BOSTON — THE VOTERS were angry. But they were not so carried away by anger that they would put their trust in a man of vindictive and tyrannical character, even though he promised real change.
That is the lesson of Massachusetts in the 1990 election.
Much attention was focused on this commonwealth during the campaign, and there was much talk about political revolution, so a word of explanation may be in order.
Things did not turn out the way they were supposed to.
John Silber was the reason for all the talk.
The president of Boston University, he had never run for public office before. He ran for governor as a Democrat, although he had voted twice for Ronald Reagan and he mocked liberals.
Against the odds, Silber won the Democratic primary. In this overwhelmingly Democratic state, he looked like a winner. He had the support of the old-line organization Democrats. At the same time he appealed to the anti-politician mood of the voters by bitterly attacking the system.
The big-footed political writers came up from Washington to examine the phenomenon, and they pronounced it important. If Silber won, they said -- and he was likely to -- he would be an immediate force in national politics. He could be a candidate for president: an idea he had had himself.
The fascination with Silber reached some kind of peak when the Times of London published a feature on him under the heading, "America swaps spin doctors for a doctor of philosophy."
The article said he affected, "the austerity of Socrates." (His salary at B.U. is $275,000 a year.)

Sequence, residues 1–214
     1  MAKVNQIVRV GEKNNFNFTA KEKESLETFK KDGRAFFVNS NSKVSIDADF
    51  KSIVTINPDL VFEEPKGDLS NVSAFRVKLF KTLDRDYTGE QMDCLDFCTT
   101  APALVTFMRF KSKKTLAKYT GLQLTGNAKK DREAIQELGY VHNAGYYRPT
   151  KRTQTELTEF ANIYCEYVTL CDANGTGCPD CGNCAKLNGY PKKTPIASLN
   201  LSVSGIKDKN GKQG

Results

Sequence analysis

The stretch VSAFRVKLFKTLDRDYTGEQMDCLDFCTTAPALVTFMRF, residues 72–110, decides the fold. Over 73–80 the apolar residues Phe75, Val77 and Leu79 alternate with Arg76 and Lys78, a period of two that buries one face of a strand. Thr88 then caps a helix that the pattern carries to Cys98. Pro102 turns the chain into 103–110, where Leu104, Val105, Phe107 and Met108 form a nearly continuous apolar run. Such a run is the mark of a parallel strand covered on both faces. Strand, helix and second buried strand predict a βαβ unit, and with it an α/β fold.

The Silber campaign defied the usual rules of politics. Instead of trying to please all constituencies with honeyed words, Silber attacked many.
He picked on Cambodians, saying they had come to Massachusetts because it was a welfare magnet. (The Cambodians here are not disproportionately on welfare.) He said that middle-class mothers who go out to work may be guilty of child neglect.
Each time Silber said something like that, the press announced a "Silber shocker."
But it turned out that the public did not mind.
People seemed to hear in him their own resentments of special-interest groups and the burden on the state's hard-pressed budget.
Ten days before the election, all signs were that Silber had it won. But on the night, he lost by around 75,000 votes, of 2 million cast, to the Republican, William Weld. What happened?
John Silber did it to himself. So most people here think.
Harvey Allen, a businessman who helped raise funds for him, said: "They believed in Silber and what he said on the issues, but they don't seem to trust him to be rational and handle the government for four years."
Night after night on television there was John Silber being contemptuous, arrogant, out of control in his rage at anyone who dared to disagree with him.
He called Weld a "back-stabbing son of a bitch," on television, for quitting the Justice Department because of Attorney General Edwin Meese's aromatic behavior.
He denounced a reporter as fair-minded as David Broder of The Washington Post.
The single-most damaging incident came in an interview by a local television anchorwoman, Natalie Jacobson of WCVB. Jacobson is not an aggressive questioner,and it was a low-key program. But when she asked Silber whether he had any weakness he could name, he exploded in rage.
In these episodes the public saw what a good many colleagues of John Silber have seen over the years: a man so sure of his own perfection that he treats questions as lese-majeste, a bully who answers disagreement by trying to humiliate those who differ.
John Silber came across, to a sizable number of voters, as someone who saw the state as a large correctional institution that needed him as warden. And next, the country.
Americans are hardly immune to political temptation. They have voted for Huey Long.
When race is involved, a Jesse Helms can still win with a campaign of unlimited vileness. But perhaps we do have a certain resistance to the notion that in dangerous times we must turn ourselves over to a maximum leader.
The day after the election Silber denied that he had made mistakes. The people, he said, had been misled by the press. Exactly. The people proved themselves unworthy of his genius.